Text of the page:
Nuclear Fusion

The Physicist
1 Min Read

Nuclear fusion is a nuclear reaction in which atomic nuclei join to form heavier atomic nuclei. In order for fusion to occur there needs to be high temperature and or pressure in order for there to be sufficient kinetic energy for the nuclei to be able to overcome the electrostatic repulsion between the positively charged nuclei and get close to one another; when this occurs the very short range Strong Nuclear Force attracts the two nuclei and they forge together to form a new heavier nuclei. For light mass nuclei mass is not conserved in this reaction but converted into both kinetic energy of the products of the redaction and electromagnetic radiation. The equation explaining this conversion is Einstein’s energy-mass equivalence formula (E=mc^2; see entry under Albert Einstein). An example of this reaction is the fusion of hydrogen nuclei (deuterium and tritium isotopes) into helium nuclei within the sun.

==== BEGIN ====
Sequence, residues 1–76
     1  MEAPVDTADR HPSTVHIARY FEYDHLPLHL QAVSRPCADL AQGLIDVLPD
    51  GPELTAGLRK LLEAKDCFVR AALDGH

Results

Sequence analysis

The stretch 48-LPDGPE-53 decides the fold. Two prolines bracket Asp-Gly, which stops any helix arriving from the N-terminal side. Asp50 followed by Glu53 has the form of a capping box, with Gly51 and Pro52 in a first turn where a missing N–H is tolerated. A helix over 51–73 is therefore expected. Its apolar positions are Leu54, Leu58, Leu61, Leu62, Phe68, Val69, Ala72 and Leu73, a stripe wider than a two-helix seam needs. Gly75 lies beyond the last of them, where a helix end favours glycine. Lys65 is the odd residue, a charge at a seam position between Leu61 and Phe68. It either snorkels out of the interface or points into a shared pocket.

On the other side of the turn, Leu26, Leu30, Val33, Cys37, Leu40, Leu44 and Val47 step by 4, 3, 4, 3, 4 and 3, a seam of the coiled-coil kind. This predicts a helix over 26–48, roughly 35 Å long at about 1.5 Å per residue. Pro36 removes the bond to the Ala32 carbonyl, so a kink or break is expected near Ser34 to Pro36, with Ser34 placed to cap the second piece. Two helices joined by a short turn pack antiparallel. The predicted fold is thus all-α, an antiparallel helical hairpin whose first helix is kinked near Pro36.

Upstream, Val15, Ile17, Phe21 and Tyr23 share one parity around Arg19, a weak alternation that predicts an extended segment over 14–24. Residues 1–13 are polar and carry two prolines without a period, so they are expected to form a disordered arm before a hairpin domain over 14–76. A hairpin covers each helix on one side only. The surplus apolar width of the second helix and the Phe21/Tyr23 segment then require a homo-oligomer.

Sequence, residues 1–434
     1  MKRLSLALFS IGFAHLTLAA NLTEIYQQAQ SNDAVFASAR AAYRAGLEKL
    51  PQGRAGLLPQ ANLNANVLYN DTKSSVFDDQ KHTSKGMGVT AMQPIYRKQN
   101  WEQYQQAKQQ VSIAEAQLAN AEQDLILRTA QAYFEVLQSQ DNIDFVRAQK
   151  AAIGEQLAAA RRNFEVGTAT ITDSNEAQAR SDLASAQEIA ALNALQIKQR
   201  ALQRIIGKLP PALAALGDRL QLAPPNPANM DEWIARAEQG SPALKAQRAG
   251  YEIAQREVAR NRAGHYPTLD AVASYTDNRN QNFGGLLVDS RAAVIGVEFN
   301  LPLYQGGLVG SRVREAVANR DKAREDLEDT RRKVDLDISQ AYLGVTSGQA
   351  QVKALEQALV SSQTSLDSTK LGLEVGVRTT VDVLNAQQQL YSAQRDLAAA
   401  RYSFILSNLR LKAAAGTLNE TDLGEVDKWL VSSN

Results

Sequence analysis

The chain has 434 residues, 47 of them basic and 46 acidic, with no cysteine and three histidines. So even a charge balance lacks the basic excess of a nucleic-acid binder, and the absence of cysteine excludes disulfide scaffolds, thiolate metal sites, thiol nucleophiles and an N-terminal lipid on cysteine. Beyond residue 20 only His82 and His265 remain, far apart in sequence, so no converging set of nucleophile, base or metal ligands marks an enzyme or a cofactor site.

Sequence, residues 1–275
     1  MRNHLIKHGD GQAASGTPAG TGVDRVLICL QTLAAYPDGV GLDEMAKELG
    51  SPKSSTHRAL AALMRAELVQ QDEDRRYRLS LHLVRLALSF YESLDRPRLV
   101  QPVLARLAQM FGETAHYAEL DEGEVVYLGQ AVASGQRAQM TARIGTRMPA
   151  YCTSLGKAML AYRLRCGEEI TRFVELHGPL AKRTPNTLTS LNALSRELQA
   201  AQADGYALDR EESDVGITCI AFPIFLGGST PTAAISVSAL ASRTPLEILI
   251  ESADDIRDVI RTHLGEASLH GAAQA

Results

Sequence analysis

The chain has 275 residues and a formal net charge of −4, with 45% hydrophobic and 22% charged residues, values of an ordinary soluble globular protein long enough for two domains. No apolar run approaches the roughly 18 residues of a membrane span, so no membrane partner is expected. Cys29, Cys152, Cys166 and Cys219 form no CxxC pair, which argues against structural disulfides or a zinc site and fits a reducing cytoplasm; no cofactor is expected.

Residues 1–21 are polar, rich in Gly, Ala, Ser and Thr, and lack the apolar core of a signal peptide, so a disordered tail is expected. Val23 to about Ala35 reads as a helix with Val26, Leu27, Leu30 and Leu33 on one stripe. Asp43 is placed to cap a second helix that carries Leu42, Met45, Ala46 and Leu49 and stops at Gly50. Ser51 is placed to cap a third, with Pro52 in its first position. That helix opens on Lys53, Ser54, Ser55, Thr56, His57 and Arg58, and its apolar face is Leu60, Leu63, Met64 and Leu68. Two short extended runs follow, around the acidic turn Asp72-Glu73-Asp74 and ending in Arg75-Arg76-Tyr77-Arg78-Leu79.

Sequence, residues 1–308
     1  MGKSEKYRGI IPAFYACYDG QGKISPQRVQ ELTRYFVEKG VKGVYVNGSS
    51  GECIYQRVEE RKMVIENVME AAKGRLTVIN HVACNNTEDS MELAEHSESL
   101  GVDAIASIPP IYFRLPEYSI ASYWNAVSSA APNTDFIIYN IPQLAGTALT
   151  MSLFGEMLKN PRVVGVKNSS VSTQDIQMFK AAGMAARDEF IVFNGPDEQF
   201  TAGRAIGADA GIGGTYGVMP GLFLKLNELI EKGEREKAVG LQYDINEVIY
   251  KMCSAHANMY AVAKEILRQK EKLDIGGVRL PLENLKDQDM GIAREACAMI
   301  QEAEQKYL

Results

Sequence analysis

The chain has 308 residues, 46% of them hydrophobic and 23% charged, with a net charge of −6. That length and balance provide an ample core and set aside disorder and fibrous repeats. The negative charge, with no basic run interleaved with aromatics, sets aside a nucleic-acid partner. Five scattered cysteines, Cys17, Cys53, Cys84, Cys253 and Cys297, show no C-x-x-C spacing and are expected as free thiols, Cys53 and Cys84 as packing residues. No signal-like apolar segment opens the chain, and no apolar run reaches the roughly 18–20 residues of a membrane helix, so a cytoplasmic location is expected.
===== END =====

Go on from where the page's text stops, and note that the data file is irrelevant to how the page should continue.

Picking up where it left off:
The Sun is effectively a self-balancing system between the kinetic energy released from the exothermic fusion nuclear reaction within the core and gravity.

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